ByteDance will take over B in China’s BAT


ByteDance would add some oomph to China’s BAT. The fast-growing creator of news and video apps is already privately valued at $75 billion, putting it on par with web search outfit Baidu, whose public equity in early December was worth some $65 billion. A 2019 merger between the two will modify the constituent parts of the acronym shared with Alibaba and Tencent.

Software engineer Zhang Yiming started ByteDance in 2012 with Toutiao, an app that uses artificial intelligence to deliver bespoke individual news feeds. When the company learned how Chinese youth love to share short video clips with each other, it developed TikTok, known locally as Douyin. The video services claim over 500 million monthly active users, creating fresh expectations that ByteDance can spot the next big thing and use its algorithms to design new market-leading apps.

Competition for online advertising is cutthroat in China, however. About 10 companies, including Tencent and web portal Sina , share most of a pie estimated by iResearch to be some $73 billion. Pressure will only increase as China’s economy cools. Marketing budgets are often among the first to be cut. Baidu is in particularly bad shape. Revenue growth is abating and efforts to diversify have been slow.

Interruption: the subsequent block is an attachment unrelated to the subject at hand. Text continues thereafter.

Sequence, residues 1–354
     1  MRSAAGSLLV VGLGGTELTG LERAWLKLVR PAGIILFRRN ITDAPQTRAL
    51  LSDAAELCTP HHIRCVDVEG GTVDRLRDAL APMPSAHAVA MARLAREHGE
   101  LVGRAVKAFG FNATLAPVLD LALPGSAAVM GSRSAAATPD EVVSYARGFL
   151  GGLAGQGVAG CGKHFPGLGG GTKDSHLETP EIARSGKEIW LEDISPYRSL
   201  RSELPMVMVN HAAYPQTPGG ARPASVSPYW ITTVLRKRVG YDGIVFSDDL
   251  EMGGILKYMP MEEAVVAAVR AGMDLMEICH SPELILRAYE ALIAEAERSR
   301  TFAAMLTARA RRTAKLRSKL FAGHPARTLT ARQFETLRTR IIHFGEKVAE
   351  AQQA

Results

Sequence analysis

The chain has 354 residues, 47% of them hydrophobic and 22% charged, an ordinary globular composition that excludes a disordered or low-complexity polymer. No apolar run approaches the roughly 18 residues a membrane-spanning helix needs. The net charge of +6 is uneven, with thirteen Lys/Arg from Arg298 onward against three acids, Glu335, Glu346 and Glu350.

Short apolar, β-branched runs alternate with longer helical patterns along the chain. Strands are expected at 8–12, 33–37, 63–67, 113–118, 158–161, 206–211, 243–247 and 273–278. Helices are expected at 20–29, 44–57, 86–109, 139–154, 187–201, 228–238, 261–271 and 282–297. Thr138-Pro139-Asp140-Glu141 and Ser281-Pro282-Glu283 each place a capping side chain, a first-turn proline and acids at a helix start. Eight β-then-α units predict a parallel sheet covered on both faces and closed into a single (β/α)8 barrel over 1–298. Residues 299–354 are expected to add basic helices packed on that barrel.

That makes a union of Baidu and ByteDance a tantalising prospect. Aside from the potential cost savings, Baidu would provide ByteDance with a stepping stone to business customers. The web group led by Robin Li also has some powerful artificial intelligence of its own to contribute. And it would give ByteDance, backed by Sequoia Capital, KKR and other investment firms, an easier path to capital markets, which have become increasingly difficult for new tech ventures to enter at the exuberant valuations they want.

For Li, owning a slug of the combined company would give him a stake in a bigger, more promising group. What’s more, both ByteDance and Baidu are among the few sizeable Chinese technology enterprises not funded by either Alibaba or Tencent. Together, they would prove a more formidable force. The challenge will be for two strong, rival personalities to see eye to eye. Such bountiful opportunities, though, suggest a double-B deal is meant to be.

First published Dec. 28, 2018.